By Lynn Byczynski
Sunflowers are a popular crop, and a great way for vegetable growers to experiment with adding flowers to the product mix. With more than 50 cultivars to choose from, getting started with sunflowers can be a bit intimidating. I'll explain the advantages and disadvantages of the various types of cut sunflowers.
For those in a hurry I'll cut to the chase: If I had to pick the easiest, most sure-fire variety for a beginning grower, I would recommend the 'Sunrich' series or the 'Pro Cut' series. I will explain why in a moment, but first I'll backtrack to the background information.
There are two basic categories of cut-flower sunflowers: the single stem types and the branching types. These two types are so different from one another that I think of them almost as different plants. I personally grow the single stem types because they are preferred in my market, but I can see where some growers would do better with the branching types. Here are the pros and cons of each.
Single-stem varieties, including the Sunrich and Pro Cut series, are pollenless hybrids, which means they don't drop pollen on furniture, tablecloths, and clothing, as non-hybrid sunflowers do. Many are really quick to bloom, just 60 days from seeding. There's a good selection of day-neutral varieties (see article on day length), which means they can be grown in a hoophouse early in spring or late in fall. They can be crowded into a 6" x 6" spacing to produce a bouquet-sized flower. Or they can be spaced a foot apart to make dinner-plate sized flowers.
Single-stem varieties have strong, thick stems and flowers of substance that make a statement and fill out a bouquet, which endears them to florists. And their vase life is amazing - up to two weeks in plain water.
On the negative side, single stem sunflowers produce one flower from one seed. (A few cultivars may send up small secondary flowers in mid-summer, but this is not the norm.) This means you have to succession plant every 10-14 days all season if you want to have a continuous supply. You would also need to charge $1 to $2 each for them in order to make any money.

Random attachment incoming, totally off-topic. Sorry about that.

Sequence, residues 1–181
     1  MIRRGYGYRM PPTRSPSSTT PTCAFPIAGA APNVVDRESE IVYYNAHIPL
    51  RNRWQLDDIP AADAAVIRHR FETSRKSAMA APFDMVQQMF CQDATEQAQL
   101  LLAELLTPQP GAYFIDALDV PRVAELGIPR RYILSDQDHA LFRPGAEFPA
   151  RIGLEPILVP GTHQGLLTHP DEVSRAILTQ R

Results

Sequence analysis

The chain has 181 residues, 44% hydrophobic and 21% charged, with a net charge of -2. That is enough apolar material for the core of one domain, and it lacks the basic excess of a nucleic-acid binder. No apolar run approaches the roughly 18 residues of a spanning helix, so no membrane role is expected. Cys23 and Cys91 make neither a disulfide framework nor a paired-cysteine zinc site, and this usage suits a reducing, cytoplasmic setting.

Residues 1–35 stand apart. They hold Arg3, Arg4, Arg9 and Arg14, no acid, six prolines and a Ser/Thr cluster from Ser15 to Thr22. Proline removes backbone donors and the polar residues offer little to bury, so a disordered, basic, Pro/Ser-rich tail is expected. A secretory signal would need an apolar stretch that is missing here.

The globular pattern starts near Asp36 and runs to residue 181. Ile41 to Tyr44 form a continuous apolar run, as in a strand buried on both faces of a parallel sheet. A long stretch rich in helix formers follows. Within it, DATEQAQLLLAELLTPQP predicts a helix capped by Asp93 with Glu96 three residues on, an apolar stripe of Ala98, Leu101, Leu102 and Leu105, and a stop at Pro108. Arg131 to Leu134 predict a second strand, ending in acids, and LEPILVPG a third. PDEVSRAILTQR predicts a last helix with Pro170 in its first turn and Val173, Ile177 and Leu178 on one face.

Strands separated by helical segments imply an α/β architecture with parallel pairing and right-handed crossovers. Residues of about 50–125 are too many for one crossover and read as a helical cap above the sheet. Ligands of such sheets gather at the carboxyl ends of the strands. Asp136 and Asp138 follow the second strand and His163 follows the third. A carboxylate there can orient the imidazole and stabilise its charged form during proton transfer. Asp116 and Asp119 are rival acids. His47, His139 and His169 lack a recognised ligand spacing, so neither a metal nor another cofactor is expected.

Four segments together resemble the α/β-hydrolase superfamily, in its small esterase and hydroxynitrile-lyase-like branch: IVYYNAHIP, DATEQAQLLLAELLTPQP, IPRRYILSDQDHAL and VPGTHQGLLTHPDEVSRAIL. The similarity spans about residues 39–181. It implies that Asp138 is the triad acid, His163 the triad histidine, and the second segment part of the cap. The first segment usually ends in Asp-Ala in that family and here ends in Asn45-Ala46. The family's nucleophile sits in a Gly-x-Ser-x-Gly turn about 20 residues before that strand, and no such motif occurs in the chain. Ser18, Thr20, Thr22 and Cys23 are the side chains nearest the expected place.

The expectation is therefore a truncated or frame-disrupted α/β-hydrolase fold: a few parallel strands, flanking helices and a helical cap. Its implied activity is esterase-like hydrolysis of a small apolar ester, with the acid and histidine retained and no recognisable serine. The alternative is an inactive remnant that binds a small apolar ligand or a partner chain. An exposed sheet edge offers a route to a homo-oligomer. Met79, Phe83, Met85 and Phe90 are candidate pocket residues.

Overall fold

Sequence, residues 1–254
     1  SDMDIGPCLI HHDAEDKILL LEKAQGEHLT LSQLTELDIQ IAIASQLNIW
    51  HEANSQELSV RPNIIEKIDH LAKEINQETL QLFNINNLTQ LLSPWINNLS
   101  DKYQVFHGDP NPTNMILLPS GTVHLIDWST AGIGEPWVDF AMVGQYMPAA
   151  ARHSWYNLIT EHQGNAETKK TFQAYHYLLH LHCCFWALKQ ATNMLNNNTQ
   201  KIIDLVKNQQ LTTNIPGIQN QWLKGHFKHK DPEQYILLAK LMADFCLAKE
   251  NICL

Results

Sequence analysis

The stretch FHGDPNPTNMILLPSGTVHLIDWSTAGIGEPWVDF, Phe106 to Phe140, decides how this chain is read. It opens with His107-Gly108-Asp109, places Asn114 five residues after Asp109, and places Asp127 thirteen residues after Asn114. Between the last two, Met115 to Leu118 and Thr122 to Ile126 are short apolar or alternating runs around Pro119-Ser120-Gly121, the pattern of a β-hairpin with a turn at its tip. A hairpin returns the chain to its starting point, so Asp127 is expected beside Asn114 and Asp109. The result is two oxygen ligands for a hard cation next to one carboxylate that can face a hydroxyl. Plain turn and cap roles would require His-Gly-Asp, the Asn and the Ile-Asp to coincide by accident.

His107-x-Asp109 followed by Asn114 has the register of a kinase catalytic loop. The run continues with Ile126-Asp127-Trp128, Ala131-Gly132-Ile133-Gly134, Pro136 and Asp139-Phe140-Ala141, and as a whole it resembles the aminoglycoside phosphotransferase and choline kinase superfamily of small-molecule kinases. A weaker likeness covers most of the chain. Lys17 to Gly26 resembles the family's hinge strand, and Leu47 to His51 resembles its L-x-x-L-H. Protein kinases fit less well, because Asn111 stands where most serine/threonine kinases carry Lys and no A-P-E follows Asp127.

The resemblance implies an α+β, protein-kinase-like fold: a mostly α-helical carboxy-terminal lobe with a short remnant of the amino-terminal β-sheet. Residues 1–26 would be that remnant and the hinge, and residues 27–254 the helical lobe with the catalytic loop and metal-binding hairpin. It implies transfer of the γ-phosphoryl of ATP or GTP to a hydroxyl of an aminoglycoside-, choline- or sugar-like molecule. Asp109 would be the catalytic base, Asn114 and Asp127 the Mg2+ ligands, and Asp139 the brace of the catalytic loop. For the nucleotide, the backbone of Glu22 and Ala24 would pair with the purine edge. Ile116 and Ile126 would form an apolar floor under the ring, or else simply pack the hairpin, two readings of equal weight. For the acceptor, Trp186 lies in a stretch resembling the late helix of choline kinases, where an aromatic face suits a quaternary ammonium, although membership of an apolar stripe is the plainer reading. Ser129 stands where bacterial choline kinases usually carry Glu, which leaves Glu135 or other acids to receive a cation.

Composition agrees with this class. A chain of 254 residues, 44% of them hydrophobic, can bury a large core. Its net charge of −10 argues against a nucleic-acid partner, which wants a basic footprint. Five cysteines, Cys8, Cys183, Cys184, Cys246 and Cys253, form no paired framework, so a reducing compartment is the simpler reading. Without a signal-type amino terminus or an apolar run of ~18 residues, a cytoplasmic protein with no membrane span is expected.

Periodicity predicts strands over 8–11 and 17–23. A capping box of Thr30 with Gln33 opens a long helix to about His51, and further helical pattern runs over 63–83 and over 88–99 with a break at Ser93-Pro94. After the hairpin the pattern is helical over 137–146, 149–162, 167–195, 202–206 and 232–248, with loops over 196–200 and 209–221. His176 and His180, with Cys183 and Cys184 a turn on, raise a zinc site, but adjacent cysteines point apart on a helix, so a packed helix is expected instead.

Branching varieties produce numerous blooms over a long period of time, so they don't need to be succession planted as frequently. There are numerous unusual colors among the branching varieties, including burgundy, chocolate, bronze, and bicolors. Most of the doubles (more than one layer of petals) are branching types. In other words, this category has a lot of pizzazz.
However, the stems on most branching sunflowers are not as long or strong as the single-stem varieties. Most take about 90 days or more to bloom, and they require a lot of space; they should be planted 18" apart. Their long production time creates more opportunity for insects and disease to attack the plants. Many branching cultivars have copious amounts of pollen. (Look for those identified as pollenless if you think this is going to be a problem for your customers.) As a group, the branching varieties are not especially long-lived in the vase, some with only 5 days of vase life.
These are the basic considerations in choosing varieties, but new cultivars are being introduced every year that banish some of the objections to each type. There are now branching varieties that bloom in 60 days and have no pollen, such as Moulin Rouge and Peach Passion; there are single stem varieties that are fully double, such as Double Quick Orange; and there are bicolors, such as Pro Cut Red/Lemon Bicolor.
As for my recommendation of Sunrich and Pro Cut, I see these as offering a strong sunflower with the traditional appearance that appeals to all kinds of people, hence they are easy to grow and sell. They are not finicky about when you grow them, and there are plenty of color choices among the two series. If you want just a basic sunflower, this is a good place to start. Over time, you will surely want to try others and eventually you'll find the combination that is right for you.
Lynn Byczynski is the editor of Growing for Market and the publisher of The Hoophouse Handbook.